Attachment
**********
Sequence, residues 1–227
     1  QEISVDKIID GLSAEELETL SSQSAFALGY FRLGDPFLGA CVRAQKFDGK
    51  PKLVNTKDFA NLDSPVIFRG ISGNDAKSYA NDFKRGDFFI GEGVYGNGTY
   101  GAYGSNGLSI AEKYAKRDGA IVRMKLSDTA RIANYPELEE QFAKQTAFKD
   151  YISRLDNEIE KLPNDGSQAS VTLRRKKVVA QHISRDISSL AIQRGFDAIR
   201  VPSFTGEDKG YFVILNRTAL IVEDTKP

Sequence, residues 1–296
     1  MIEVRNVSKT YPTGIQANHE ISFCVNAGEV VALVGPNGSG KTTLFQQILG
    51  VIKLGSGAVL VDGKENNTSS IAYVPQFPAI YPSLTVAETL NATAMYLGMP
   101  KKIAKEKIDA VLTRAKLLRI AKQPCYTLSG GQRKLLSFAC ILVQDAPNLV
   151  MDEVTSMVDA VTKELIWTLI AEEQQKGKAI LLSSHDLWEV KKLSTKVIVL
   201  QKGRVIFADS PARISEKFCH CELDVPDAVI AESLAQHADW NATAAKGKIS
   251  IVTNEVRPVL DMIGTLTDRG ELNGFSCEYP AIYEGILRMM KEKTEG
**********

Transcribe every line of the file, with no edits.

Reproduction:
Sequence, residues 1–227
     1  QEISVDKIID GLSAEELETL SSQSAFALGY FRLGDPFLGA CVRAQKFDGK
    51  PKLVNTKDFA NLDSPVIFRG ISGNDAKSYA NDFKRGDFFI GEGVYGNGTY
   101  GAYGSNGLSI AEKYAKRDGA IVRMKLSDTA RIANYPELEE QFAKQTAFKD
   151  YISRLDNEIE KLPNDGSQAS VTLRRKKVVA QHISRDISSL AIQRGFDAIR
   201  VPSFTGEDKG YFVILNRTAL IVEDTKP

Sequence, residues 1–296
     1  MIEVRNVSKT YPTGIQANHE ISFCVNAGEV VALVGPNGSG KTTLFQQILG
    51  VIKLGSGAVL VDGKENNTSS IAYVPQFPAI YPSLTVAETL NATAMYLGMP
   101  KKIAKEKIDA VLTRAKLLRI AKQPCYTLSG GQRKLLSFAC ILVQDAPNLV
   151  MDEVTSMVDA VTKELIWTLI AEEQQKGKAI LLSSHDLWEV KKLSTKVIVL
   201  QKGRVIFADS PARISEKFCH CELDVPDAVI AESLAQHADW NATAAKGKIS
   251  IVTNEVRPVL DMIGTLTDRG ELNGFSCEYP AIYEGILRMM KEKTEG